The Jakarta Post
National Police spokesman Sr. Comr. Agus Rianto said that certain controls would still be imposed on foreign journalists intending to enter Papua to protect the country from any possible threats.
Agus made the remarks in response to statements by President Joko "Jokowi" Widodo, who announced on Tuesday that he would relax access to Papua and West Papua for foreign journalists intending to enter those provinces.
"Our country has never been closed to the journalists of any country. But permits will still be there. We will see which regulations we can relax and which we can't compromise on," Agus said on Tuesday.
He argued that the police should still be aware of the possibility that some parties might pretend to be journalists to enter Papua.
"There have been several people who've pretended to be something they're not. What if they turn out to be terrorists?" he asked, adding that the journalists might also talk to people who opposed the government.
Last October the Jayapura District Court convicted French journalists Thomas Dandois and Valentine Bourrat for abusing entry visas in 2014 after they allegedly filmed members of the Free Papua Movement (OPM).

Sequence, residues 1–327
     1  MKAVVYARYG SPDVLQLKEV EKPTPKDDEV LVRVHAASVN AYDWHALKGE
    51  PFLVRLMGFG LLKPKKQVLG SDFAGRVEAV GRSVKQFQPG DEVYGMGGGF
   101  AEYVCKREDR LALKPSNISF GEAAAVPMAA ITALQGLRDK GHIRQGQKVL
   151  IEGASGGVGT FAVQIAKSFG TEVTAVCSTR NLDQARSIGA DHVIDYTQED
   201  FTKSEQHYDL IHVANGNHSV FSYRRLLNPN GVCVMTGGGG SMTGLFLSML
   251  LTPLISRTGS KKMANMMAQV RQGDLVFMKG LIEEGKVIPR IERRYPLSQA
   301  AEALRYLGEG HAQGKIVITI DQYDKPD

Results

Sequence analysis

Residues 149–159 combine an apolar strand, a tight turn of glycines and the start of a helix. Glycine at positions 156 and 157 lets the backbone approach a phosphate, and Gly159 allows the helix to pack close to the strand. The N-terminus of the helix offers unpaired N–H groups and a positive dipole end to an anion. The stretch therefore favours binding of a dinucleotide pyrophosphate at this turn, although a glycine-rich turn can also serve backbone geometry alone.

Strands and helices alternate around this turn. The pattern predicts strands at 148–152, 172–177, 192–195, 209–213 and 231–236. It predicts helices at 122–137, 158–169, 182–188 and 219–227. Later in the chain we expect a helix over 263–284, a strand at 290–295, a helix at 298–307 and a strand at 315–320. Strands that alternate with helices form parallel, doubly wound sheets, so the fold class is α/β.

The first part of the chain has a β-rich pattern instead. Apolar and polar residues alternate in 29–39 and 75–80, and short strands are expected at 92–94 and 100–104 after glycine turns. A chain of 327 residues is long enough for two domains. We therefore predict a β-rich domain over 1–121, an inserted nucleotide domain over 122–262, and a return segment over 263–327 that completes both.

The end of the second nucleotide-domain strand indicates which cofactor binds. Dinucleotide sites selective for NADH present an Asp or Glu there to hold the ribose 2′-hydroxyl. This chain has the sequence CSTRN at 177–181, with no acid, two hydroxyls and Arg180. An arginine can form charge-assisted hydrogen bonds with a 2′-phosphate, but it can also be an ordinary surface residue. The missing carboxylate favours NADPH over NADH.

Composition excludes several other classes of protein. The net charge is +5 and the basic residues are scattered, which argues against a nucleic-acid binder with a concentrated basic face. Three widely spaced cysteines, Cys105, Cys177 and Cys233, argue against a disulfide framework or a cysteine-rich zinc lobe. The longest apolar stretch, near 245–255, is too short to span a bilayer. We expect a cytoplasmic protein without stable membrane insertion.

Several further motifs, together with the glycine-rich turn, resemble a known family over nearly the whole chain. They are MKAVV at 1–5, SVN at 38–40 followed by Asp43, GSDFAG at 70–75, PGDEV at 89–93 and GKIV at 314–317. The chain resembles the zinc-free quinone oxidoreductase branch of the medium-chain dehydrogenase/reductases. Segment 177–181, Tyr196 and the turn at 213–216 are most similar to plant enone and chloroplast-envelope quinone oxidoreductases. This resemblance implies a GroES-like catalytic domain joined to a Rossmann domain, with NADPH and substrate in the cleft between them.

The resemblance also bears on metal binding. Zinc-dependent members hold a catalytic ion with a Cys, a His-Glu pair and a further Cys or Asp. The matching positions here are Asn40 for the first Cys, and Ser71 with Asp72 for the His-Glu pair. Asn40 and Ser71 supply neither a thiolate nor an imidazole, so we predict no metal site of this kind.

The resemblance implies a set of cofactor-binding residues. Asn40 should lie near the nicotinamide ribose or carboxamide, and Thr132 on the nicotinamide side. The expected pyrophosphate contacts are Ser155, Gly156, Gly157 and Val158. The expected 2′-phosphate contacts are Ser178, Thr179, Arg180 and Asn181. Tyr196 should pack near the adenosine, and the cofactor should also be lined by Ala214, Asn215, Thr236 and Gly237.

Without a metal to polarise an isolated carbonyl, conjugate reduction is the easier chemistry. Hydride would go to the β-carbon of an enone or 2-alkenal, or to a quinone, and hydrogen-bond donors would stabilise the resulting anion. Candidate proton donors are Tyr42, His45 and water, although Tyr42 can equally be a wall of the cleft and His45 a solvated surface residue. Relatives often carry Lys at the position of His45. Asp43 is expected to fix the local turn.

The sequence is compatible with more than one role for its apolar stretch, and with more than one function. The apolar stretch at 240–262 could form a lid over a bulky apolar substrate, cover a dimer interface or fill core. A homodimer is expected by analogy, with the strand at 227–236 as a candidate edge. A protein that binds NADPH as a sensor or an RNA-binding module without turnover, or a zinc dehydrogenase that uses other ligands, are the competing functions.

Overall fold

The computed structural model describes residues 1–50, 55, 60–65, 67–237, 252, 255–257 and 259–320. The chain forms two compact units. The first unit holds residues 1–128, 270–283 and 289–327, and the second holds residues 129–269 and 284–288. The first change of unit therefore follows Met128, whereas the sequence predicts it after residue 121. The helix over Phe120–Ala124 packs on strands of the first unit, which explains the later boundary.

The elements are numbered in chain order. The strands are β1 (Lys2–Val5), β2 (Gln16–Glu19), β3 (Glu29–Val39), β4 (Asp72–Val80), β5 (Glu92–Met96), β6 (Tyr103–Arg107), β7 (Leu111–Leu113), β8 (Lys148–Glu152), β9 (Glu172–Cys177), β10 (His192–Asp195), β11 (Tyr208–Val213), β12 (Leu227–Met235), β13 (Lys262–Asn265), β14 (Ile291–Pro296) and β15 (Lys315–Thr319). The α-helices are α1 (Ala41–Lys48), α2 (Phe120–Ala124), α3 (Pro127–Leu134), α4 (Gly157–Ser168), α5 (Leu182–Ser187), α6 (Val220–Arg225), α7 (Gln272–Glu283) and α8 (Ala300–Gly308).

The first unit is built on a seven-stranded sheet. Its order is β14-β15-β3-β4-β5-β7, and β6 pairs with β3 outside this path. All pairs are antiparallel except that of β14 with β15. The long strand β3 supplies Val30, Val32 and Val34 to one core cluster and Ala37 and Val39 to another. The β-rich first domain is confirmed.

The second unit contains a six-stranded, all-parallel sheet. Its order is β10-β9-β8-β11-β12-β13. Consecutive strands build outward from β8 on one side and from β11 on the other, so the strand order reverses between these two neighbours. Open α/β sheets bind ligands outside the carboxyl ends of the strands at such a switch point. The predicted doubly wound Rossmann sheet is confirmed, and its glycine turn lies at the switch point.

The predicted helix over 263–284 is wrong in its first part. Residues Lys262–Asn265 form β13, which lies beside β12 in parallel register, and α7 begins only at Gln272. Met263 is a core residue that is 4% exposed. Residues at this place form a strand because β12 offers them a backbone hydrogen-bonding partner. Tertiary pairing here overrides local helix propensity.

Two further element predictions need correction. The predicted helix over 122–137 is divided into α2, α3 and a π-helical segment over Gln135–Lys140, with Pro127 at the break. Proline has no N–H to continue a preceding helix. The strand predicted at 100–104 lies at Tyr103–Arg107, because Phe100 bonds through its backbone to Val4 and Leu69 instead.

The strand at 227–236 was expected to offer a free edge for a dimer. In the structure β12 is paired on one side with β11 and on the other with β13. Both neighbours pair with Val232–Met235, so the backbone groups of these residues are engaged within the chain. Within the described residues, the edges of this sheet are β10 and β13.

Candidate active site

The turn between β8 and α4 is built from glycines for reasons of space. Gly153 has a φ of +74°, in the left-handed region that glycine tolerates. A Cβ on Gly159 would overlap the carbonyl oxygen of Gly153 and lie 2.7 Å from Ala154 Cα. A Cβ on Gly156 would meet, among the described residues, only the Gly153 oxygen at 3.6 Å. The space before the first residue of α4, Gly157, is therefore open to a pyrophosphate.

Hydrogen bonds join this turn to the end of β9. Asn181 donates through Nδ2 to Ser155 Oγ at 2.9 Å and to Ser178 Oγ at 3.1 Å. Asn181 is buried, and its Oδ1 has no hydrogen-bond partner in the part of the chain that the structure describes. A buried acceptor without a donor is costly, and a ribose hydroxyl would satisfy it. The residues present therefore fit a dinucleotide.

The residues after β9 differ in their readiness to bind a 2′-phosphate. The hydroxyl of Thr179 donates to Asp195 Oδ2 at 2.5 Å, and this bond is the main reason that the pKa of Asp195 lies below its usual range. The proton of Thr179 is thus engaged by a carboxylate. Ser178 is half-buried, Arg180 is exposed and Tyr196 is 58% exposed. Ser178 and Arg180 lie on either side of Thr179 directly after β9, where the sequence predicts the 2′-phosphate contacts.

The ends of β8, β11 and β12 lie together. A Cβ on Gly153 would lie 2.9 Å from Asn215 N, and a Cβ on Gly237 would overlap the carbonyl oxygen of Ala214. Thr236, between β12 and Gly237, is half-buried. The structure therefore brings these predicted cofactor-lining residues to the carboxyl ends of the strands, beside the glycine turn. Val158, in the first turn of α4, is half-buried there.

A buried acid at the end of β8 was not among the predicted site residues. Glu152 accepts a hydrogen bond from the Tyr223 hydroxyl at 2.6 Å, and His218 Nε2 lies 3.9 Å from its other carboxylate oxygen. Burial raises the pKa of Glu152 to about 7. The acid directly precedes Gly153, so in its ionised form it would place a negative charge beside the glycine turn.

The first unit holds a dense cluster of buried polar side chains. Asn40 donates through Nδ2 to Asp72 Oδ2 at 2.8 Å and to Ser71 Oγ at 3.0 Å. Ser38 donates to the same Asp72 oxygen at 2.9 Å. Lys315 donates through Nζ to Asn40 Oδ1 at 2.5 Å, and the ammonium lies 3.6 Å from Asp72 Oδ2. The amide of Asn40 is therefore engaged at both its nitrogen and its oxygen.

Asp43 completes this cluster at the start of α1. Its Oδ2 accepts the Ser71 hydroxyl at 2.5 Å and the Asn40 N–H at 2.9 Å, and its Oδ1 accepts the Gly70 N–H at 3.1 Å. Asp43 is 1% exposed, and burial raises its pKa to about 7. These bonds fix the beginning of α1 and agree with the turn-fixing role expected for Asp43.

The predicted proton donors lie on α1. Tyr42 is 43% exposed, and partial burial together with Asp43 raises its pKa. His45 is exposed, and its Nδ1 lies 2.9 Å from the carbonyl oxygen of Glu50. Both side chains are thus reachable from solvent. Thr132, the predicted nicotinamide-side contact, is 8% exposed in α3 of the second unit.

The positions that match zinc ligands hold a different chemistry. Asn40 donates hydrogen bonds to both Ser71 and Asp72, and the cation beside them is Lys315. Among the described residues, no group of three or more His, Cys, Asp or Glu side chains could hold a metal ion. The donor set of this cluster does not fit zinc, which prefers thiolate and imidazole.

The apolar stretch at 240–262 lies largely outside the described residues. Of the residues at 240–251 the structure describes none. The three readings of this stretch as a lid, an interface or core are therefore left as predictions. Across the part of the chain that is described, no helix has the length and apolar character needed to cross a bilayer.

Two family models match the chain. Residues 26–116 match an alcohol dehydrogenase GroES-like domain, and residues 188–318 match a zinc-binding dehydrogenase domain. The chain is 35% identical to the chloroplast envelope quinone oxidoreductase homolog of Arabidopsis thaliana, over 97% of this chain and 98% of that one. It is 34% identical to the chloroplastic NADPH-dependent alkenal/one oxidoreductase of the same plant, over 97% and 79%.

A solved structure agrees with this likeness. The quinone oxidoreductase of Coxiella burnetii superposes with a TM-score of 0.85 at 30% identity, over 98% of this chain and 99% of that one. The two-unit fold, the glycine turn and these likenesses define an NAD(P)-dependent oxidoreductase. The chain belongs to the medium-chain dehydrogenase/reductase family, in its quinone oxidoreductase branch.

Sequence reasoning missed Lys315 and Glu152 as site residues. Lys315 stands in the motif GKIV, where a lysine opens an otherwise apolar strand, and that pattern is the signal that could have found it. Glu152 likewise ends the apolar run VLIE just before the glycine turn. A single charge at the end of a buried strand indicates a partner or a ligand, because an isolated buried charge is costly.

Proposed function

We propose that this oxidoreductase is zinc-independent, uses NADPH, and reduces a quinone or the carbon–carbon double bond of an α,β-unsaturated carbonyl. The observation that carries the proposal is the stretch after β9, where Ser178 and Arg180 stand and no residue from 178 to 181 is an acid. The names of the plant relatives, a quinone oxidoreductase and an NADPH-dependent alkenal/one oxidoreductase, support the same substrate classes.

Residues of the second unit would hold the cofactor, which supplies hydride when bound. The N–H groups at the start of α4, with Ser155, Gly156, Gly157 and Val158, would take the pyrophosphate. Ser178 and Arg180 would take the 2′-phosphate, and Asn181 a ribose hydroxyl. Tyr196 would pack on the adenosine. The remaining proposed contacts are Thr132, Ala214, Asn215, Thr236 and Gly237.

Agus also stressed the importance of carefully deciding what information could be provided to foreign journalists, as it would be published in other countries and would be hard to counter.
"There are things we can reveal to them and there are some that we can't, as stipulated by the law, such as information on national security or national intelligence," he said.
He referred to Law No. 14/2008 on public information, and Article 17 on the kinds of information that could not be publicized but Agus denied that it was an attempt to hide the facts from journalists.
"The access for news is open but there are boundaries. We never restrict journalists. We merely manage them," he concluded. (fsu/hhr)(++++)